On June 19th, Cruise Lines International Association (CLIA), the industry's largest trade association, issued the below release, explaining that member cruise lines have suspended service until September 15th, 2020.
WASHINGTON, DC (19 June 2020)—Cruise Lines International Association (CLIA) issued the following statement today to announce that the association’s ocean-going cruise line members will voluntarily extend the suspension of cruise operations from U.S. ports until 15 September 2020.
“Due to the ongoing situation within the U.S. related to COVID-19, CLIA member cruise lines have decided to voluntarily extend the period of suspended passenger operations. The current No Sail Order issued by the U.S. Centers for Disease Control and Prevention (CDC) will expire on 24 July, and although we had hoped that cruise activity could resume as soon as possible after that date, it is increasingly clear that more time will be needed to resolve barriers to resumption in the United States.
“Although we are confident that future cruises will be healthy and safe, and will fully reflect the latest protective measures, we also feel that it is appropriate to err on the side of caution to help ensure the best interests of our passengers and crewmembers. We have therefore decided to further extend our suspension of operations from U.S. ports until 15 September. The additional time will also allow us to consult with the CDC on measures that will be appropriate for the eventual resumption of cruise operations.
“This voluntary suspension applies to all CLIA members to which the No Sail Order applied (vessels with capacity to carry 250 persons or more). CLIA member cruise lines will continually evaluate the evolving situation and make a determination as to whether a further extension is necessary.”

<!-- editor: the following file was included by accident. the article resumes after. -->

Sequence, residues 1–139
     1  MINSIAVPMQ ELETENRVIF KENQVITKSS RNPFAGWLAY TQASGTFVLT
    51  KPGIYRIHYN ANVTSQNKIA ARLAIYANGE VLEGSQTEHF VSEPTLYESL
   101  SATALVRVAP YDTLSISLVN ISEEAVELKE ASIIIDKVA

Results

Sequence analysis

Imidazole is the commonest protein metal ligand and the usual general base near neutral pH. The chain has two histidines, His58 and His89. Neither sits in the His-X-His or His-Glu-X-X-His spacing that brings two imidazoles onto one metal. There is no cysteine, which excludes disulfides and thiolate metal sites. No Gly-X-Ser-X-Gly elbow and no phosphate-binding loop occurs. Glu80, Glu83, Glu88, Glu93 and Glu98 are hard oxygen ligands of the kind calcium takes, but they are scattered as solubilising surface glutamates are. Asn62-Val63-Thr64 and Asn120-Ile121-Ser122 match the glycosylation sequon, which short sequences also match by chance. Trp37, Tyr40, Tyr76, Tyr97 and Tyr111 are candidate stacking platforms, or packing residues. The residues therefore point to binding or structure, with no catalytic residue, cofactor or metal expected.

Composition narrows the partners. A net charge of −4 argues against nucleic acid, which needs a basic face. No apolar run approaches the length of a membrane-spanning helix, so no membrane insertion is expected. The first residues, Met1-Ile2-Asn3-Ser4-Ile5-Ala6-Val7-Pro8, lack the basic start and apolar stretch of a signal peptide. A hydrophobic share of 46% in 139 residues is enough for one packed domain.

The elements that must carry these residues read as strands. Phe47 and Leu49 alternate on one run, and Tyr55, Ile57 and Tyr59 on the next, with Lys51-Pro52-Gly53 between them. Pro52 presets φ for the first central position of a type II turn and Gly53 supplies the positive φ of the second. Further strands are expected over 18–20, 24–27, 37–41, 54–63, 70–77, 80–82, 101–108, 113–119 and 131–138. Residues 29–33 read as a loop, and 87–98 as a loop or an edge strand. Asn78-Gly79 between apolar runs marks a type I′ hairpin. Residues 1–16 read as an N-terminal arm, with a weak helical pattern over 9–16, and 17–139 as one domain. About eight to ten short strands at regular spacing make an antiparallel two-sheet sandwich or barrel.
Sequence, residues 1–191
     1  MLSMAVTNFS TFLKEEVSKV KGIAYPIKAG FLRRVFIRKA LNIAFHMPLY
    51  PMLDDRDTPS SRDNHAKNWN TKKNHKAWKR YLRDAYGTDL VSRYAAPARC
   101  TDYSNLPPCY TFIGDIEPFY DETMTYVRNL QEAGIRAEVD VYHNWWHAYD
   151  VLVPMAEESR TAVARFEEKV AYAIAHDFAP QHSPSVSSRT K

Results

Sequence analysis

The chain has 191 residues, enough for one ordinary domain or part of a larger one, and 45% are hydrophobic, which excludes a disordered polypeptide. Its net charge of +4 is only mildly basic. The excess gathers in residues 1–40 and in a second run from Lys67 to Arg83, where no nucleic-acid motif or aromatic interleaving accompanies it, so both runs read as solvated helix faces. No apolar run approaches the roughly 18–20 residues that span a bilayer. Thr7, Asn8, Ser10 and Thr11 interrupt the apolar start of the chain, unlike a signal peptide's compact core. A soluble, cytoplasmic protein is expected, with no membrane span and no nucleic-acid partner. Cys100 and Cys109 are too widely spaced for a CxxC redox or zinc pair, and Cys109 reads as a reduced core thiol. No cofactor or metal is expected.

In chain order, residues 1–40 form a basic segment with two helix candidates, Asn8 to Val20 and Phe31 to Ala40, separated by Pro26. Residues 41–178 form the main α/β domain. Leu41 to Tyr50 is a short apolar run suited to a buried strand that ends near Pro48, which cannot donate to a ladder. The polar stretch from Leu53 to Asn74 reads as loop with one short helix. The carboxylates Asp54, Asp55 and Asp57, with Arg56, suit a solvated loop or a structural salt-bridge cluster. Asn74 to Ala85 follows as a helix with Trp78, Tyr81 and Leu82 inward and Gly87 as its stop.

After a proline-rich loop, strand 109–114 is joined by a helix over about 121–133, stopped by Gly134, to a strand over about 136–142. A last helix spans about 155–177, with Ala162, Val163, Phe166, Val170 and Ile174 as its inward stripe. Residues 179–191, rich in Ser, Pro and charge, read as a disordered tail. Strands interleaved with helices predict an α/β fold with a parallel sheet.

In 2018, the cruise industry supported over 421,000 jobs in the United States, with every 30 cruisers from U.S. ports supporting one American job. Each day of the suspension of cruise operations in the U.S. results in a total loss of approximately $110 million in economic activity and up to 800 American jobs. For more information about the economic impact of the cruise industry in the United States, including the top ten states benefitting from cruise activity, please visit: CLIA 2018 Economic Analysis.
It should be noted that many CLIA member lines suspended some or all sailings well past September 15 weeks before today's announcement, though others, including titans like Carnival and Royal Caribbean, had scheduled sailings to start before this date.
This may not be a shock to many, especially given the recent increase in reported infections in South Florida, where more passengers cruise from than any other place in the world. Many lines have continuously adjusted sail dates, but this marks only the second time that the industry voluntarily adjusted almost all sailings across the majority of cruise lines. Remember, if you've been impacted by cancellations, or you're thinking about canceling an upcoming cruise that hasn't been cancelled, we have tips on Taking Advantage of Future Cruise Credits & Price Drops Related to Coronavirus.
Will this be the last delay before cruising starts? It's impossible to know, and once things begin they almost certainly won't start all at once, with some destinations and lines lagging behind others either out of an abundance of caution, depressed demand, or regulatory considerations. What we do know is that we have another cancelled cruise in the books, and can't wait to get back to sea as soon as it's safe to do so. If you're wondering what that looks like, NCL recently gave us an idea, and we talk about it in this video.
Stay Up to Date
As changes occur, you can find more dates on our tracker, at cruisehabit.com/when-will-cruises-start-again.